Lesbians: Misconceptions, Anyone?

Earlier this week, afterellen.com ran a post about seven common misconceptions people have about lesbians. I am sure there are more than seven, maybe as many as, oh I don’t know, variations and subtleties of vanilla flavours, or of white paint.

The first common misconception is that lesbians are good at sports. Maybe that’s the first one because (STEREOTYPE ALERT!) afterellen.com is American and reflects how Americans sexualize sports.

Granted, there are sports puppy lesbians: hockey, soccer, tennis, squash, volleyball, curling, softball, baseball, skateboarding. But seriously, all of us? I think not. Still, I pondered sports, me and my friends.

 

misconceptions ahead

I played lacrosse for two summers as a teenager because I had a huge crush on a girl and she asked me to play. I did not know how to play but her offer to teach me, coupled with a pout when I initially said no thank you, was enough for me to cave in and yes. Let me say this about that. I sucked big time.

Coming out… my chosen sport was, well, women. I did not suck at that.

Then I settled down, got a group of friends and oh my gosh, didn’t someone suggest we play softball. Not a chance. This time, group pouts. Okay okay! So the team with my nearest and dearest got a token aspiring cheerleader. Me. At our night games, time out was called for make-up and hair fixes. I sucked. Pom Poms were SO not me.

Then, I took a real boxing class with a real Golden Gloves boxer for three years. I did not suck at that. And I finally learned how to skip rope!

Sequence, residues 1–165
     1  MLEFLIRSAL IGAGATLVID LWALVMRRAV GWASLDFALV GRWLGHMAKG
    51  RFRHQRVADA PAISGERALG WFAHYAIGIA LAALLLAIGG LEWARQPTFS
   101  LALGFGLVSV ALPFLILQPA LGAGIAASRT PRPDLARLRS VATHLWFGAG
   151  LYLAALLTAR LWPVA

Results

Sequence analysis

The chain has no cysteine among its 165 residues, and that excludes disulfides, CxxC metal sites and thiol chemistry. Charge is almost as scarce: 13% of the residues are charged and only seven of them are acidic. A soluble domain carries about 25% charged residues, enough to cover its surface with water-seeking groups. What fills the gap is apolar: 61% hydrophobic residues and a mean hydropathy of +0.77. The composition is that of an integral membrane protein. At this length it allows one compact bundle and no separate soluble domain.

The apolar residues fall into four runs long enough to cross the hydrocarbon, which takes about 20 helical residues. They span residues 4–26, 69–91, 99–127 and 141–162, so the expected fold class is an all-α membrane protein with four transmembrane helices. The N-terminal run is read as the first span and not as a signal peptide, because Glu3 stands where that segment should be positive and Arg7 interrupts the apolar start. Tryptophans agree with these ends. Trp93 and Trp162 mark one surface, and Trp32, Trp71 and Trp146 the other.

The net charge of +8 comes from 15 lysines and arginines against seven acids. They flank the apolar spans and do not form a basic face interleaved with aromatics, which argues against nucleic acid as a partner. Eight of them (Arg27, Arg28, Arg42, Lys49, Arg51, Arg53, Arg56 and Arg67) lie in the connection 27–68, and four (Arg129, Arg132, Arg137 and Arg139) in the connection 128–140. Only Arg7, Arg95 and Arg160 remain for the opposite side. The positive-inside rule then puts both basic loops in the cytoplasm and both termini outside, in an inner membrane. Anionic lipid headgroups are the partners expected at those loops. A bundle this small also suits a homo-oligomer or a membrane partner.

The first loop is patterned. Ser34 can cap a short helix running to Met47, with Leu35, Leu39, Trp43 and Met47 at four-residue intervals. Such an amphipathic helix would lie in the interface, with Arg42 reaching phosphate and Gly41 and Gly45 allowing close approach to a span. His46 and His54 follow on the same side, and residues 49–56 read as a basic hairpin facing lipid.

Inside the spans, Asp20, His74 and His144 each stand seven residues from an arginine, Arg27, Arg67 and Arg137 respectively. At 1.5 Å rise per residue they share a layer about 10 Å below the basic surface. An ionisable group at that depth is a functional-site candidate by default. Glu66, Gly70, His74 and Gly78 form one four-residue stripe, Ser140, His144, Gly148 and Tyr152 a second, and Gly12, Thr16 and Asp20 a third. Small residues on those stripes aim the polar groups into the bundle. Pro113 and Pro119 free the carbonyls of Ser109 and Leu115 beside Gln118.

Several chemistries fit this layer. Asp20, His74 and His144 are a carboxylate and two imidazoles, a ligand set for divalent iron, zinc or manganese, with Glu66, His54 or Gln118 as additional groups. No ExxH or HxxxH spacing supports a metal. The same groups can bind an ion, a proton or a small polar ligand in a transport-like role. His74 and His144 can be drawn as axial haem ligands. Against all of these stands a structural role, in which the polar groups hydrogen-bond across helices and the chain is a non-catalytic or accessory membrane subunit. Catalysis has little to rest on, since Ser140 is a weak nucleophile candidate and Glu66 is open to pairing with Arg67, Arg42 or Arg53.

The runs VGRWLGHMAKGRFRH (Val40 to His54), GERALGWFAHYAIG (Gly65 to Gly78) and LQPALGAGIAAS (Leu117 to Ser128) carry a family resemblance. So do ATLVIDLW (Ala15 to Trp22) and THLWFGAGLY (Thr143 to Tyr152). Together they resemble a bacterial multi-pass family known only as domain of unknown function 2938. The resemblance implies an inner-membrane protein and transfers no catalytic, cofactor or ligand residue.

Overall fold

In Canada, since everyone skates and plays hockey or soccer anyway, we have slightly different stereotypes. Our primary misconception is this: a lesbian wants all women. Oh please. Want is SUCH a strong word.

Personally, I do not want every single woman that crosses my path. Luckily, I walk on the right side so that crossing my path is darned near impossible. But when faced with this misconception I do feel the urge to disclose my, hmmm, wants so that the one who might think I am hot for anything female — including her — can put her mind at ease. And it answers the same questions men have too, easing their mind about the safety of their wife or girlfriend, because being a lesbian is ONLY and ever about sex, (growls me) as I continue itemizing my womanly wants of women.

  • I want brilliant, attractive women who can dance, cook, love to read stories and poetry out loud in the bath or in bed, speak at least one other language, love music, art, and adventure, are curious about the world, are thoughtful, fair and kind to living creatures including people, know the alphabet forward and backward and its full potential, and are comfortable being an iconoclast.
  • I want a woman who is strategic, present in the moment, fun, and funny; who makes great espresso and can talk about anything; lives in the paradox that is herself, someone with amazing hands, a killer smile and a mind like no other and who is okay being wanted by someone who only wants her to be herself and not a reflection of me, AND
  • did I say has a killer smile?